Children should start learning a foreign language in kindergarten and continue through high school, says Wake Forest University Associate Professor of Education Mary Lynn Redmond.
“Learning languages helps increase listening ability, memory, creativity and critical thinking- all of which are thinking processes that increase learning in general,” says Redmond, a past president of the National Network for Early Language Learning.
In addition to developing thinking skills, foreign language study exposes children to other ways of looking at the world, she says.
To those who consider foreign language study in elementary school a “frill,” Redmond stresses that foreign language education supports the “core” curriculum. When done right, foreign language instruction uses themes that support the elementary curriculum including math, science, social studies and language arts.
“The thematic approach is a wonderful way to do this so that children are always learning the language for real communication tasks such as ordering food in a restaurant, buying clothes, asking for directions, describing an event or a person and so on,” Redmond says.
“Correlation studies show students who have had several years of foreign language do better on SATs, particularly the verbal part,” Redmond says.
Becoming fluent in foreign language takes years, although children tend to absorb foreign languages more easily than older students and adults, she says. She emphasizes
the importance of an unbroken sequence of foreign language study in grades K-12 to gain
the level of proficiency needed to communicate with people around the world in other languages.
Starting early can translate into an advantage in the work force, too, Redmond says.
“The work force has an increased demand for people who can speak foreign languages at a sophisticated level. This is not limited to the corporate world. People are looking for mechanics, social workers and medical professionals, too,” she says.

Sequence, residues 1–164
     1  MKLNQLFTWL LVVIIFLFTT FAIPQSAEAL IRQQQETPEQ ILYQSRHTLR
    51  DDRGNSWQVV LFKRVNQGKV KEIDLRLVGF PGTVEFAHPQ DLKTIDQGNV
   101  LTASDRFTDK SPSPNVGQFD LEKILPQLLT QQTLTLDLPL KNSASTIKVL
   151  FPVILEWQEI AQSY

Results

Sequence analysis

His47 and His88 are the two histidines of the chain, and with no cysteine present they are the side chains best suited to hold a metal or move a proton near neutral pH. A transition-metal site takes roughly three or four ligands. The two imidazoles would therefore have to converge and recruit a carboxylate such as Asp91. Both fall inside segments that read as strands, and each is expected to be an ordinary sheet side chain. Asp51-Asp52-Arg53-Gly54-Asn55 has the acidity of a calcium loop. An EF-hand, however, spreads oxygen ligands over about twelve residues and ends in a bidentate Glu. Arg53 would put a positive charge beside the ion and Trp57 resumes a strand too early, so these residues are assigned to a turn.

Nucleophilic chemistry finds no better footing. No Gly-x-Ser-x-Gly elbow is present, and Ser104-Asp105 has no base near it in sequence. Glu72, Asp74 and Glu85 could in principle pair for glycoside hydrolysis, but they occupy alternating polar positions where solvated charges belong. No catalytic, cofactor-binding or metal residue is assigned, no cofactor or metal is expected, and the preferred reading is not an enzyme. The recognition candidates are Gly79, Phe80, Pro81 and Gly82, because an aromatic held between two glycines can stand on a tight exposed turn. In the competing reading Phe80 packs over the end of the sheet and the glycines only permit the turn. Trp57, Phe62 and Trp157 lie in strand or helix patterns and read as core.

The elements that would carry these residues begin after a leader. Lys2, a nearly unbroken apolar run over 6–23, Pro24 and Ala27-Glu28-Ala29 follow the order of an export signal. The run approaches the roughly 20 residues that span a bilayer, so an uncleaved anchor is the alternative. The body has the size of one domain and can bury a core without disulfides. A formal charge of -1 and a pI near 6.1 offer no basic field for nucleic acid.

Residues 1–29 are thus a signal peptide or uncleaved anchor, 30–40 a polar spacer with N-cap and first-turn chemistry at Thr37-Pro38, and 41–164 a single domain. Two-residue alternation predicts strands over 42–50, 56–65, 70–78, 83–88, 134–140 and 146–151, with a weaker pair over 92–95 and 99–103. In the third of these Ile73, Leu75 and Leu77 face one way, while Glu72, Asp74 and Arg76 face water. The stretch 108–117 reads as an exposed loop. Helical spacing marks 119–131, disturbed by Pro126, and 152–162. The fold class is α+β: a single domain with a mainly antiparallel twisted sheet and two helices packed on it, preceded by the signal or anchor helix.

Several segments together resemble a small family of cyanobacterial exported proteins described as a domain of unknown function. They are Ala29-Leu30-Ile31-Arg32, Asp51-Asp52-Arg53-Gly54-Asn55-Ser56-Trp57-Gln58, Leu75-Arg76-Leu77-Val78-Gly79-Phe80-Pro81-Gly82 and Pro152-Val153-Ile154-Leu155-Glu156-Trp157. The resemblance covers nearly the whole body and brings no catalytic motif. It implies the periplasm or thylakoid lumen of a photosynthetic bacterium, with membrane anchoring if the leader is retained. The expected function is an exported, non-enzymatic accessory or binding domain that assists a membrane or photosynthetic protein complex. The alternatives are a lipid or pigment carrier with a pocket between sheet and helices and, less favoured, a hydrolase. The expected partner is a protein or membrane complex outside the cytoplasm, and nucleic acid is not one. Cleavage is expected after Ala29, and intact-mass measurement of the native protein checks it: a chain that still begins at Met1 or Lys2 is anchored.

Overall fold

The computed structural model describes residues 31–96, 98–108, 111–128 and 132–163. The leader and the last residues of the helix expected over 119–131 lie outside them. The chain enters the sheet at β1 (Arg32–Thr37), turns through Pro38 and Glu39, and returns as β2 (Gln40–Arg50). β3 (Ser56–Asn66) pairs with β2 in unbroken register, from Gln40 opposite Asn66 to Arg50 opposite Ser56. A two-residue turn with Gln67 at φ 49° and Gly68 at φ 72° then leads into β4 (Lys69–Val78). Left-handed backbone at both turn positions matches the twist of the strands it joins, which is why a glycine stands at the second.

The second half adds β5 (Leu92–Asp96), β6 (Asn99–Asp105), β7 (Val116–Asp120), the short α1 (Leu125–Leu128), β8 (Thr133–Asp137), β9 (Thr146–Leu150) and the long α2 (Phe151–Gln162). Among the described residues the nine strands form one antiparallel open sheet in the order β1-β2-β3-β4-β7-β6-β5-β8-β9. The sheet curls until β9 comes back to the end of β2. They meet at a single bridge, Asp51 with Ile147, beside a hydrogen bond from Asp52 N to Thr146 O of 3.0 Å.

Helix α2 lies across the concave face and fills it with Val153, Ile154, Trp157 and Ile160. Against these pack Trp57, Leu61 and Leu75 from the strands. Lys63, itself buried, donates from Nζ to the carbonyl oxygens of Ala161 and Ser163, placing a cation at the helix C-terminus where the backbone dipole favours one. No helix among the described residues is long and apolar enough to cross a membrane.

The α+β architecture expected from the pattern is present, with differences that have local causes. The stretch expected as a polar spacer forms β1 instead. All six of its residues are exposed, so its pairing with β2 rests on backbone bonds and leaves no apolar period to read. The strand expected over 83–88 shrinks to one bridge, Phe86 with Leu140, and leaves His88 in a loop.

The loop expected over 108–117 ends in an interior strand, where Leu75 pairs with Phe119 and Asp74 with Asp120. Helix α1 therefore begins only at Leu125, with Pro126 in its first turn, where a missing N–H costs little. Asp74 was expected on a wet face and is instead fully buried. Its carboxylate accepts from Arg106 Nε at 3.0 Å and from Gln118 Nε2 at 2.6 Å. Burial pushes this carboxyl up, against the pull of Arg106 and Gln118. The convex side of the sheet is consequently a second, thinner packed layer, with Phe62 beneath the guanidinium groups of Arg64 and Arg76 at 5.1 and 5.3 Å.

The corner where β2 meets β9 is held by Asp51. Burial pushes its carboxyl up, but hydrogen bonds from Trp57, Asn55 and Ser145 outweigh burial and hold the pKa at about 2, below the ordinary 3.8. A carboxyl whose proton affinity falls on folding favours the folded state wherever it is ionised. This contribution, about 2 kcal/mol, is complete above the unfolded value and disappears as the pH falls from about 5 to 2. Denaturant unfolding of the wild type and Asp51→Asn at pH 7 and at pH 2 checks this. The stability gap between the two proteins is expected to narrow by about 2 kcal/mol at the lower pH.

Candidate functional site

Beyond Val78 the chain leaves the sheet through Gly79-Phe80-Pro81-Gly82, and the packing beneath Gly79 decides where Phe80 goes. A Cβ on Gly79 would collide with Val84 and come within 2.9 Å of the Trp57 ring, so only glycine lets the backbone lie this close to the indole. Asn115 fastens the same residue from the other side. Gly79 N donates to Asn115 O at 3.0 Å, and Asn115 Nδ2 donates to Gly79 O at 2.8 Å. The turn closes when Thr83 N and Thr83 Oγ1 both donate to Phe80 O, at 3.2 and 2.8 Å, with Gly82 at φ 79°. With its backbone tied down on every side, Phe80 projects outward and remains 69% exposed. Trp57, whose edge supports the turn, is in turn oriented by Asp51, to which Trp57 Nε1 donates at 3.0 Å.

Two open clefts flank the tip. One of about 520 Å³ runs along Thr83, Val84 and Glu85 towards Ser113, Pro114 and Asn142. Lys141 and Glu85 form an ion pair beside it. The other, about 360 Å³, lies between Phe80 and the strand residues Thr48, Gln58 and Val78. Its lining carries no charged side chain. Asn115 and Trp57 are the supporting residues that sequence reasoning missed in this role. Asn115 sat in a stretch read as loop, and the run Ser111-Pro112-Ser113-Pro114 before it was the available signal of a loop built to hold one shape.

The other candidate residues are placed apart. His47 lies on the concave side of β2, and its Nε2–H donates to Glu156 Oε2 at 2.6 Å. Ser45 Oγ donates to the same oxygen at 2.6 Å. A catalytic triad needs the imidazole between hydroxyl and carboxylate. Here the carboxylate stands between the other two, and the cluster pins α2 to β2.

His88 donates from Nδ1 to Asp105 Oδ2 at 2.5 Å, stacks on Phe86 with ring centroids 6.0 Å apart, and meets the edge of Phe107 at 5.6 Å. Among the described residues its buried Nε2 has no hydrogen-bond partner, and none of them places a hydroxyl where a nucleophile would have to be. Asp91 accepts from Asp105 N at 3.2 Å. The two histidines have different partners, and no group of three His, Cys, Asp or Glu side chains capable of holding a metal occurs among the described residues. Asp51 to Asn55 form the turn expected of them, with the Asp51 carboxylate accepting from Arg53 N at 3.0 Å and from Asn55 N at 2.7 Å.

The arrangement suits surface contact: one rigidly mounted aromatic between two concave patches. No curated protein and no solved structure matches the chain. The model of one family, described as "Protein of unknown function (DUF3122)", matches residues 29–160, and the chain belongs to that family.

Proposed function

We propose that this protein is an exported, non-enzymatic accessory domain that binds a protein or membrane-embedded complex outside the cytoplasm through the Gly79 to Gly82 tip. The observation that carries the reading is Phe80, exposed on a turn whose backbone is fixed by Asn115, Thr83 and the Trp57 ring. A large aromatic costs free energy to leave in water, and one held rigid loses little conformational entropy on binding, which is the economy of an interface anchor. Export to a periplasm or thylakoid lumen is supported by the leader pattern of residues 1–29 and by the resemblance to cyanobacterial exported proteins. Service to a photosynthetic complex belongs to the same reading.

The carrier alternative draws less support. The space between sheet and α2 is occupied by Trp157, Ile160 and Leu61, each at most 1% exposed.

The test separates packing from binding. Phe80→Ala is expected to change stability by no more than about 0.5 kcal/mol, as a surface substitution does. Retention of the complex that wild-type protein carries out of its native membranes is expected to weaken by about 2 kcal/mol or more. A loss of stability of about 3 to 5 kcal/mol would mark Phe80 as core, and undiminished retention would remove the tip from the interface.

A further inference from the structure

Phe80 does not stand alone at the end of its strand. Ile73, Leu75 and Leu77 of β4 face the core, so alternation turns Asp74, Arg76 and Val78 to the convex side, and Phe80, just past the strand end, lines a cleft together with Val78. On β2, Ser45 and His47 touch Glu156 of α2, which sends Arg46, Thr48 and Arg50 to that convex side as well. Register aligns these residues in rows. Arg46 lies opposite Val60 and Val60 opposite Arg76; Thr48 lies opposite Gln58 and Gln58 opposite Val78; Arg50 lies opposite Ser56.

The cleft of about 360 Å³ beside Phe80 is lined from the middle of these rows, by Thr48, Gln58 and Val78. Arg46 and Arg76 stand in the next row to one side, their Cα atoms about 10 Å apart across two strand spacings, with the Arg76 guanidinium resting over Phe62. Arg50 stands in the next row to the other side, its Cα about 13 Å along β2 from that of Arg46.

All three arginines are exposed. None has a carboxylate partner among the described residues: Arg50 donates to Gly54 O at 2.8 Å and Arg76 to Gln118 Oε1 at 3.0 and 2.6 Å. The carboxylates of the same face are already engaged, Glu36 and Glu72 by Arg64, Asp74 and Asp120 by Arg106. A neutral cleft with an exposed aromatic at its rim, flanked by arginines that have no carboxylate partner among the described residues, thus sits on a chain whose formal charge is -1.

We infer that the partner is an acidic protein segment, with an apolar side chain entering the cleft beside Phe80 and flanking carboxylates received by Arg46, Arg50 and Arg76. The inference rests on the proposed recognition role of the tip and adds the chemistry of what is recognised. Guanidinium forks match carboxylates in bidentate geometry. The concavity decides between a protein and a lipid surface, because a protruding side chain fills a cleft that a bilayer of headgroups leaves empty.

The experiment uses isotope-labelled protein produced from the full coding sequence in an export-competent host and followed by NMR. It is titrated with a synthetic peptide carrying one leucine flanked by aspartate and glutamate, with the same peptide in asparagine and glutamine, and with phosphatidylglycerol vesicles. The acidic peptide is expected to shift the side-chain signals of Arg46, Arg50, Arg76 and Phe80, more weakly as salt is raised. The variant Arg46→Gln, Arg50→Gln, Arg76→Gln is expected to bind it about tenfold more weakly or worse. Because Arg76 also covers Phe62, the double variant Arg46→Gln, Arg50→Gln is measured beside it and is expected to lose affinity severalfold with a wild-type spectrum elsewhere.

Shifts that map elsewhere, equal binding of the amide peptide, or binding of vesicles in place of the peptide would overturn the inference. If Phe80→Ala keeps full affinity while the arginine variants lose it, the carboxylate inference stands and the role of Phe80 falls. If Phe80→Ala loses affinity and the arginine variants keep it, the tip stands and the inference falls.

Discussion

“Parents are becoming more aware of the value of early language to the cognitive learning of the child,” she says. “But, most of the legislators are still in the mindset of 25 years ago, not recognizing what neurologists have learned about what learning language does for the brain.”
If their child’s elementary school does not offer an early foreign language program, Redmond suggests that parents learn about programs in the elementary grades used by other school systems. She recommends finding out how much classroom time is devoted to foreign language study and how well lessons incorporate content areas like math, science and social studies. Then, parents can advocate building the foreign language program in their child’s school.
“School administrators have to think out of the box and look at foreign language study as a regular part of the curriculum,” Redmond says. “Parents can help.”
At Wake Forest, she directs foreign language education and supervises student teachers. She also performs French marionette shows in elementary schools to teach children about French language and culture.
For the elementary grades, using games, stuffed animals, puppets, giant
storybooks and other visual, hands-on approaches work well in teaching languages,” says
Redmond, who edited the 1999 book, “Teacher to Teacher: Model Lessons for K-8 Foreign Language.”
Effective language instruction needs to involve more than colors, numbers and shapes, she says.
Redmond has taught French in the elementary grades through the university level and has served as a consultant to school districts in the development of the K-12 foreign language curriculum.
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